During the November 2022 LastPass Breach the following information was stolen: basic customer account information and related metadata including company names, end-user names, billing addresses, email addresses, telephone numbers, the IP addresses from which users were accessing LastPass, and an encrypted copy of some historical backups of customer vaults.
Since LastPass does not keep vault passwords, though a copy of the encrypted vaults themselves were stolen, the data within them is not accessible unless users are re-using master passwords or not following the password complexity guidelines (12 characters minimum including special characters).
As long as users have been properly managing their master passwords, the threat to the information inside any pilfered vault is minimal.
The most prominent concern arising from the breach is that LastPass did not consider the URL field to be critical so the field was never encrypted. This means that the URL information associated with each vault entry can be easily deciphered as it was just converted into hexadecimal. With both payment information and URL data both being exposed this information could potentially be used for spear phishing campaigns, a type of phishing attack where a malicious actor poses as a trusted sender in order to trick the receiver into revealing confidential information.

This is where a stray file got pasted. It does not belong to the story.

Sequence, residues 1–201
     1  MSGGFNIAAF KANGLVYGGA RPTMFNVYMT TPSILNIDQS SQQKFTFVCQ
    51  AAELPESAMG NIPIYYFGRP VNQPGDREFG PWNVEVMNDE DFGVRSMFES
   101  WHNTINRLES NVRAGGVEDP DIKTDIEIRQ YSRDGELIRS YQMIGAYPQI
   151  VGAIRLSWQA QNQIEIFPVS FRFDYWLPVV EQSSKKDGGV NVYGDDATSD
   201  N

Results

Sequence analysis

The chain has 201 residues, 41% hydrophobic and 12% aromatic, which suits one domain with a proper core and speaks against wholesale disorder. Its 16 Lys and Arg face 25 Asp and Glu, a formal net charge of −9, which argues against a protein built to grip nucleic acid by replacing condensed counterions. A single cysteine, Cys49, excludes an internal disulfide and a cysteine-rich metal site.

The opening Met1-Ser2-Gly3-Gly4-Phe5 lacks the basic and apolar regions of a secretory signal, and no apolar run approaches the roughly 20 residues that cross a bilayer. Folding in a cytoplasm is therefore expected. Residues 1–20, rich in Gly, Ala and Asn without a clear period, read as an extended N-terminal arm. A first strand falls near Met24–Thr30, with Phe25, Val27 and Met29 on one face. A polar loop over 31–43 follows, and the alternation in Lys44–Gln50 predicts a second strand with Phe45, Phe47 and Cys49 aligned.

All LastPass users should change their master password for LastPass
While this will not have an impact on the historical vaults that were stolen, it’s always a good practice to change passwords for password management systems regularly!
All LastPass users with admin rights should update their passwords on ALL websites and platforms they manage
This ensures the most vulnerable accounts that could do a significant amount of damage if compromised are protected.
Everyone should enable Multi-Factor Authentication wherever possible
This should be done on every website possible, but particularly on LastPass.
Everyone should refresh their phishing knowledge
Remember: Never click any links or attachments in suspicious emails. If you receive a suspicious message from an organization and worry the message could be legitimate, go to your web browser and open a new tab. Then go to the organization's website from your own saved favorite, or via a web search. Or call the organization using a phone number listed on the back of a membership card, printed on a bill or statement, or that you find on the organization's official website. If the suspicious message appears to come from a person you know, contact that person via some other means such as text message or phone call to confirm it.
If you are a Palante Tech client and have questions or concerns about the LastPass breach and what this means for your organization, please reach out! We are dedicated to ensuring you and your organization are kept informed of all critical issues arising in the tech world.